New Ultracompact Handheld Probe Facilitates Retinal Imaging in Infants and Children

August 10, 2016

Retinal photoreceptor cell imaging technology has been changing physicians’ and researchers’ understanding of retinal structure and function, and the development of numerous retinal diseases.

Until now, the use of this technology has been limited to cooperative adult patients due to the size, weight and inconvenience of the equipment.

A team of physicians and researchers at Duke University, however, recently published a letter in Nature Photonics, describing the development of a light handheld probe that can perform both scanning laser ophthalmoscopy and optical coherence tomography of the parafoveal photoreceptor structure in infants and children without the need for adaptive optics.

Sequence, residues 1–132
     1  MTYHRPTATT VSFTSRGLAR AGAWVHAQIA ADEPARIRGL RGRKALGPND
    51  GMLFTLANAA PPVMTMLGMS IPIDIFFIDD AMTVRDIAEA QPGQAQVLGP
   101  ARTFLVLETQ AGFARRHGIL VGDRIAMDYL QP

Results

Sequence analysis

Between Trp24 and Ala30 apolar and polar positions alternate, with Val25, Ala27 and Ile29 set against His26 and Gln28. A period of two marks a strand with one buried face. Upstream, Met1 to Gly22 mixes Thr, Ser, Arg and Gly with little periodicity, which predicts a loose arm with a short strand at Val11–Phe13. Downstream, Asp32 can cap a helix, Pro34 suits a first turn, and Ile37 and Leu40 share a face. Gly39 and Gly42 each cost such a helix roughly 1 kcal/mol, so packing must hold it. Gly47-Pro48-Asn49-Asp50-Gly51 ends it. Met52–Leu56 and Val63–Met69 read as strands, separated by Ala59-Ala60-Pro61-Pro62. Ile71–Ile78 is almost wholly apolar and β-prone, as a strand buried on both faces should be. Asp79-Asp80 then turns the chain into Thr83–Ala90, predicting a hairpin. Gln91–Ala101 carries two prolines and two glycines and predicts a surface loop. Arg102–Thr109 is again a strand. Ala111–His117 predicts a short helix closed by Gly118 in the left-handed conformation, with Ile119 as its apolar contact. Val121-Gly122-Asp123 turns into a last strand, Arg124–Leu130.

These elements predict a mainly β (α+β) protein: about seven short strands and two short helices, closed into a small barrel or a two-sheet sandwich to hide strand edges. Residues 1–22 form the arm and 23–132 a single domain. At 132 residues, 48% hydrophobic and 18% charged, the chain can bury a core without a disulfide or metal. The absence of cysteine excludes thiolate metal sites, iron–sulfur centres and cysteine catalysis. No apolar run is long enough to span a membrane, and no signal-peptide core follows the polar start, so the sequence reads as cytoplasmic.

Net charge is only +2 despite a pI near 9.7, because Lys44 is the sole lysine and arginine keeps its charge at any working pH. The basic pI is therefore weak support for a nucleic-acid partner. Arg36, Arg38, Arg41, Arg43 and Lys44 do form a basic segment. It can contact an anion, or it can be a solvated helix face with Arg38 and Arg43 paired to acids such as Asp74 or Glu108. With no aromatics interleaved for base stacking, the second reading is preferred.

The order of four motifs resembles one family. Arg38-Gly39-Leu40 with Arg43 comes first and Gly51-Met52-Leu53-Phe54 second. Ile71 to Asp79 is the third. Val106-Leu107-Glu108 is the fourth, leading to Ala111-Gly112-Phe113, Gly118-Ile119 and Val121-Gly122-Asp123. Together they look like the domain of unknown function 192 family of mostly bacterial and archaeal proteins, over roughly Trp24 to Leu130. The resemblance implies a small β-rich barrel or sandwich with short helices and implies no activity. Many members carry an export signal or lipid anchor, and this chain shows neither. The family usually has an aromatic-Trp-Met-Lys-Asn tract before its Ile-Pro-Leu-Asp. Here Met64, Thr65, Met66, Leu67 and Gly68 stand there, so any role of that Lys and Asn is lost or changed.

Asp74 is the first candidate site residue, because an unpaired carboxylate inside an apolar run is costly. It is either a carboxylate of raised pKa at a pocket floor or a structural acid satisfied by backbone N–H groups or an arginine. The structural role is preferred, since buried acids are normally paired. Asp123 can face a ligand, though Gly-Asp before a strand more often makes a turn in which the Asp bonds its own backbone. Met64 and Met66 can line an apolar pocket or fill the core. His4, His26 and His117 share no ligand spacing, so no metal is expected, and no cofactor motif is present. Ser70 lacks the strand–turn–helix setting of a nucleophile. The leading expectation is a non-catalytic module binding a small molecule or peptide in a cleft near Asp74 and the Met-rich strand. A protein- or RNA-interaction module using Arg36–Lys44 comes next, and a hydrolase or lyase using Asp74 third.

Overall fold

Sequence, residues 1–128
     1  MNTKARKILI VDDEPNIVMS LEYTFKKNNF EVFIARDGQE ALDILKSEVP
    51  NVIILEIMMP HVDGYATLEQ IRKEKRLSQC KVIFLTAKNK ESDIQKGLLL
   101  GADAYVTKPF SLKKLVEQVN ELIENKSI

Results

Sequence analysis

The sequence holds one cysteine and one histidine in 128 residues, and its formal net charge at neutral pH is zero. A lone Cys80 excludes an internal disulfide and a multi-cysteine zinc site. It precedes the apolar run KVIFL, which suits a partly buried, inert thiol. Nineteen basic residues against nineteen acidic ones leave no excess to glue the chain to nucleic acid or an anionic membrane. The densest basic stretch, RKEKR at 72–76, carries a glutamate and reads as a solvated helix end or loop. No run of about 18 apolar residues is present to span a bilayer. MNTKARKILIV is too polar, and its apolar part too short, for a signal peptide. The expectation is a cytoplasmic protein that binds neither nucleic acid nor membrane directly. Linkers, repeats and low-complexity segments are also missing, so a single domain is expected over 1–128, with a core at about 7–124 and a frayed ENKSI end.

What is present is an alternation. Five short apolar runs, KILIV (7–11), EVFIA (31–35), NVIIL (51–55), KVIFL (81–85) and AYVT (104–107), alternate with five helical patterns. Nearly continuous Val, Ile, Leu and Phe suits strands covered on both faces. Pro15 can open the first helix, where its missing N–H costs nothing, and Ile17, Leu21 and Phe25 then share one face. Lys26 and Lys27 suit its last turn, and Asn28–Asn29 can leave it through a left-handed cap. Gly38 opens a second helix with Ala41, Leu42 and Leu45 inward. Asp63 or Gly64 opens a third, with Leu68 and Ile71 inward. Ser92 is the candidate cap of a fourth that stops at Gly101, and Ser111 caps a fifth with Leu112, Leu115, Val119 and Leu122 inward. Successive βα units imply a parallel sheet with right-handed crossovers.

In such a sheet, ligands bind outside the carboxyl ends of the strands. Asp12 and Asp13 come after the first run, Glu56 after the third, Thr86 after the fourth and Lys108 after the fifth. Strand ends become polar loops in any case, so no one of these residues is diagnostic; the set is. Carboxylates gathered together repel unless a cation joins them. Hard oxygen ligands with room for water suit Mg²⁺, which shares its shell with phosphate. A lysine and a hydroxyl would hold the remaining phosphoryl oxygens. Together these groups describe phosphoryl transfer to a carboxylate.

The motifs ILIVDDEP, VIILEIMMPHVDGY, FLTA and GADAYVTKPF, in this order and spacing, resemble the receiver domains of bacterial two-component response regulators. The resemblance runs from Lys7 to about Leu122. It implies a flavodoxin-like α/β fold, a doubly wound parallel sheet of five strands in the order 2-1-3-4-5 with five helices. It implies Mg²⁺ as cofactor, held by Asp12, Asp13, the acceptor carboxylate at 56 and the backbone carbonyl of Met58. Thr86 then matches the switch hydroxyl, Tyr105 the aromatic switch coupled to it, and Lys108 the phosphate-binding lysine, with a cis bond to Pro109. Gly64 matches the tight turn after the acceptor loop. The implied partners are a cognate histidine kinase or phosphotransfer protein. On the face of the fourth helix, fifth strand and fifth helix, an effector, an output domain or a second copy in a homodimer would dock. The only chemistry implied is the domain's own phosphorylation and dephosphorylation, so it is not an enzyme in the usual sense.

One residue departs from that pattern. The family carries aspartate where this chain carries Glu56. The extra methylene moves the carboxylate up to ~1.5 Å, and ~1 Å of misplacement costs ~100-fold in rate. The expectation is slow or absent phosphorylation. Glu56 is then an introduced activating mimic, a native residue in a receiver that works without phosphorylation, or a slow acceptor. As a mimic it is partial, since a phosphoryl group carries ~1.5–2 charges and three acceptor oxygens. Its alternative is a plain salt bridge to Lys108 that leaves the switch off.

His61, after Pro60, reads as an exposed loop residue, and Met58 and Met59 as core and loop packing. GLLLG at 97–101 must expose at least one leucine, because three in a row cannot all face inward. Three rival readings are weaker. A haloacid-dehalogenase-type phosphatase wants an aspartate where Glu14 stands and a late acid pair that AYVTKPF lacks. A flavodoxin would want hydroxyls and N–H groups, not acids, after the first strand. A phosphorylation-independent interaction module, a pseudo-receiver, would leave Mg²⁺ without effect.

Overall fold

Because the device enables imaging of retinal photoreceptor cells in infants and young children who could not otherwise sit still long enough to utilize existing conventional techniques, the device promises to improve the understanding of retinal development, and the onset of retinal disease in pediatric patients.

Click here (a North Carolina Public Radio article written in laymens’ terms) and here (a copy of the letter appearing in Nature Photonics using more scientific terminology) to learn more.

 

 



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